Questions whether proposed Collector firing range is lawful

PUBLIC INTEREST: John Reardon, Greg Akhurst and Neera Stephenson, is joined by other residents who do not want the firing range near Collector. Photo: Sitthixay Ditthavong.
PUBLIC INTEREST: John Reardon, Greg Akhurst and Neera Stephenson, is joined by other residents who do not want the firing range near Collector. Photo: Sitthixay Ditthavong.

The question of whether the proposed Collector Firing Range is a lawful use of land has been raised. 

Collector resident James Mckay said if the development was deemed an unlawful use of the land then the proposed development should “fall at the first hurdle.” 

The proposed shooting range, known as Samuel’s Run, at 2155 Collector Road, 4km from the village, attracted 50 submissions (with 49 opposed) when exhibited by Queanbeyan-Palerang Regional Council recently. 

In his submission to QPRC on April 9, Mr McKay said the applicant is seeking to ground its application under clause 107B of the State Environment Planning Policy, 2007. 

“This clause permits any person to undertake development with consent on a ‘lawful’ shooting range,” Mr Mckay wrote.

“Clause 107C permits the NSW Police Force (NSWPF) to undertake development without consent on a lawful shooting range. Both provisions require for there to be a lawful shooting range.

He said because of this broad power conferred on police under 107C, he wrote to the police to seek their understanding of whether the proposed shooting range at Samuel’s Run met the definition of ‘lawful shooting range.” 

Mr McKay received an email from the NSWPF on April 4, 2018 stating: "As far as the NSWPF is aware, the Samuel's Run site does not currently satisfy our understanding of a lawful shooting range." 

Mr McKay said it was significant that the police now stated this, also considering they had used the site late last year. 

“It is heartening to hear that the NSW Police Force agreeing with numerous other legal opinions in reaching the conclusion that the site of the proposed development is not a lawful shooting range,” Mr Mckay said. 

“This is important, because the application seeks to rely on the site being defined as a ‘lawful shooting range’ in order to be permissible. 

“I am not particularly interested in whether the shooting range is a good idea or not – there is a threshold question to be answered and the application comprehensively fails that test. Therefore it falls at the first hurdle.

“The reason I wrote to the NSW Police Force seeking their assurances with regards to the meaning of a lawful shooting range was because of their power to carry out development on a lawful shooting range without consent,” Mr Mckay said.  

“If the NSW Police Force come to that conclusion, I can only assume the Queanbeyan Palerang Regional Council will also come to the same conclusion.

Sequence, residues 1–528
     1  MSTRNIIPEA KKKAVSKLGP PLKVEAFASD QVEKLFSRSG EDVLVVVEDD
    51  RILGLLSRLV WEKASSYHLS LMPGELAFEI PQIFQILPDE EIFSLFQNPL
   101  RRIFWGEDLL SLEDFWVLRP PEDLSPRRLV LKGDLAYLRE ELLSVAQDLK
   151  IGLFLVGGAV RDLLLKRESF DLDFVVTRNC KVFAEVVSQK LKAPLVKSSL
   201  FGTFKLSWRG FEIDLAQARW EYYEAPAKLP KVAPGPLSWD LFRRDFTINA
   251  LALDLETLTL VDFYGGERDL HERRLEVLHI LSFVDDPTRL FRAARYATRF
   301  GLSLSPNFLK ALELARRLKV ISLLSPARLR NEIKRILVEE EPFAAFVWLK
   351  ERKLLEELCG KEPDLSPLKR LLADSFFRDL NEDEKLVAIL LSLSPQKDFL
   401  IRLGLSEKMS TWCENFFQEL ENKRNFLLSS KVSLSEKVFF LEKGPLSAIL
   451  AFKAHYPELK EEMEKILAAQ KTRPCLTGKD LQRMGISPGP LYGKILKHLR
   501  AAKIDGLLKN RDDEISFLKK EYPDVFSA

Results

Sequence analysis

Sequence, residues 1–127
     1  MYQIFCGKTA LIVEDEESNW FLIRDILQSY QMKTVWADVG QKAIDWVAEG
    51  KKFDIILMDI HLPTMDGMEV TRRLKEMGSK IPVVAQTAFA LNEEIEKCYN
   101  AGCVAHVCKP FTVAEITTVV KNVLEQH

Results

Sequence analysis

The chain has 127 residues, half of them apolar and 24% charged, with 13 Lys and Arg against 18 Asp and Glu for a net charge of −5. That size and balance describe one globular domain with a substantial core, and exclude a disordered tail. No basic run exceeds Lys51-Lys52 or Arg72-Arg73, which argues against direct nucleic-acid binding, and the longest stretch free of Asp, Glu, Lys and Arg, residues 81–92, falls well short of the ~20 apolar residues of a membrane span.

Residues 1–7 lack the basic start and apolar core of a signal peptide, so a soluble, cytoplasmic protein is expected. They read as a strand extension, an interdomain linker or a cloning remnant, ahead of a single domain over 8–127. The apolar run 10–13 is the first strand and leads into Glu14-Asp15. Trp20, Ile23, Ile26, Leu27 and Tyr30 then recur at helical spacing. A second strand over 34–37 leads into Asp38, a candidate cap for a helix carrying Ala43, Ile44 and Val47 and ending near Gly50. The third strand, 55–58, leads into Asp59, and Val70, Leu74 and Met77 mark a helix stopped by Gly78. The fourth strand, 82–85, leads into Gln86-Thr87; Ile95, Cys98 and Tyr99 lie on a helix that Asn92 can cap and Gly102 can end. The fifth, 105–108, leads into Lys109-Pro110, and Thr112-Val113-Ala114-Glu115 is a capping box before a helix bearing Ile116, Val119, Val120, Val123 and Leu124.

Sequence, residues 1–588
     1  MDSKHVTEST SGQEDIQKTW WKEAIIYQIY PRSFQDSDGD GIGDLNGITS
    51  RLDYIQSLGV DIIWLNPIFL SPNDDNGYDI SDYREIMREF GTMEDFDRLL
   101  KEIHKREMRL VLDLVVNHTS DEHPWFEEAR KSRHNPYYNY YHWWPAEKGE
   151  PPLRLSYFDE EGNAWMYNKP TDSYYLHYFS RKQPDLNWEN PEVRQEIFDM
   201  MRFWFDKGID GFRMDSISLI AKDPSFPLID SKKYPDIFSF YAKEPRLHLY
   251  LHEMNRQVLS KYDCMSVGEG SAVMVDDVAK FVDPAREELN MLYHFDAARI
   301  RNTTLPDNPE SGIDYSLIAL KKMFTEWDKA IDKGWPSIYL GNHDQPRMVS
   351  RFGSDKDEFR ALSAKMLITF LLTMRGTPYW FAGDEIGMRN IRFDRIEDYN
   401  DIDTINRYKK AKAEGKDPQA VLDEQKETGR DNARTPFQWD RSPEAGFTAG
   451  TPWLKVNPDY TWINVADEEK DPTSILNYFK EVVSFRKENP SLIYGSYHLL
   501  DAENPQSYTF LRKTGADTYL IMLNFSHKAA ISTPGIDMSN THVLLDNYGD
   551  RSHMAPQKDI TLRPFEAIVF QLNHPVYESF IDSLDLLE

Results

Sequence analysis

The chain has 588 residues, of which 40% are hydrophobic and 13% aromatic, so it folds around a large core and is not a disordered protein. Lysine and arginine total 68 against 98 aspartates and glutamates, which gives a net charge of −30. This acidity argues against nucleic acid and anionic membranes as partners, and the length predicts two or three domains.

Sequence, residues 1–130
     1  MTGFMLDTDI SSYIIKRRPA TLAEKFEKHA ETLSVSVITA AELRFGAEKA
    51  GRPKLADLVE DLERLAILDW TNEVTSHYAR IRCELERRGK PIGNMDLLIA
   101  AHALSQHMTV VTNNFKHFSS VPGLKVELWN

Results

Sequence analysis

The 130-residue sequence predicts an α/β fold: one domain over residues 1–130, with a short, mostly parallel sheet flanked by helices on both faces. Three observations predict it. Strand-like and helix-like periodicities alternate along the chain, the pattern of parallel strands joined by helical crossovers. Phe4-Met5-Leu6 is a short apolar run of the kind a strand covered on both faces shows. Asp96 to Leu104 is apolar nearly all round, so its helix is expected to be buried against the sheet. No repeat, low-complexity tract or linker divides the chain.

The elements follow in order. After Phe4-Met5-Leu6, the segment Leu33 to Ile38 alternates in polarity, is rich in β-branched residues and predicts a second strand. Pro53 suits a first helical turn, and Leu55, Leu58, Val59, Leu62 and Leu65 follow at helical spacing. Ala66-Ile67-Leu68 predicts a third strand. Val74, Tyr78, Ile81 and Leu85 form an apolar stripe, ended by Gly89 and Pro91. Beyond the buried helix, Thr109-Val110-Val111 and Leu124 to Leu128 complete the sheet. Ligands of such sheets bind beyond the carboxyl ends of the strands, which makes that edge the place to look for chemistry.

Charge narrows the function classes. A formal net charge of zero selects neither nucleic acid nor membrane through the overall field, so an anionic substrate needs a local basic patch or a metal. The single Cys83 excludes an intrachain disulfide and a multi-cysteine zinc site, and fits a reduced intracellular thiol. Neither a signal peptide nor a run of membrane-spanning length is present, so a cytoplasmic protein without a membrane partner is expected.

“Ultimately, the development has nothing to do with the question of whether it is a meritorious idea or not.

“It turns solely on whether it is permissible under the law. And it clearly is not, end of story.” 

Meanwhile, a spokesperson from the NSW Police Force (NSWPF) said because Samuel's Run did not currently satisfy their understanding of a lawful shooting range –  did not mean that it is necessarily an "unlawful shooting range.”  

“Just as your house, or the local oval would not be a lawful shooting range - it does not necessarily flow that they would be "unlawful" shooting ranges,” a spokesperson from NSWPF said.

The spokesperson confirmed the NSW Police had used the range last year but that they had done so in a “lawful” fashion. 

“The site was used for the purposes of essential emergency services training,” the spokesperson said.

She said the NSWPF obtained the necessary approvals to use the site.  The approvals were specific to the NSWPF and specific to the timeframe of the training. 

“When NSWPF used the site in August and September last year, we made the site become a lawful shooting range by using powers that are specific to the State Government - we exercised our rights under clause of ISEPP and then we obtained an approval from the NSW Firearms Registry,” she said.

“Those two things demonstrate that our use was lawful.”

The NSWPF spokesperson said they had no current interest in the facility, but would consider using it if it was a approved site in the future. 

“We have no current interest in the facility and we are not the proponent - it is not relevant to us what is happening there at the moment,” she said. 

“They are an independent third party.  

“If the facility was up and running and approved then yes – we would we be likely to use it – as it is perfect for our training needs – but it is not our facility. 

“We use defence sites when they are available.

‘“We are not going to make a submission to Queanbeyan Palerang regional Council on this development.” 

Meanwhile, The Queanbeyan Palerang Regional Council said they had not yet formed a view on the permissibility of the proposed development.

“The permissibility of the development is a key determinant in the assessment of the application,” the spokepserson said.

“As several submitters have indicated - if the development is not permissible then the council cannot approve the application. 

“While the council appreciates the matters raised by submitters, the council needs to form its own view on whether the development is permissible. 

“This will be addressed as part of the assessment of the DA.

“At this stage we are not able to indicate a time frame for resolution of identified issues and when the DA will be presented to the council.”

This story Is it an ‘unlawful’ range? first appeared on Goulburn Post.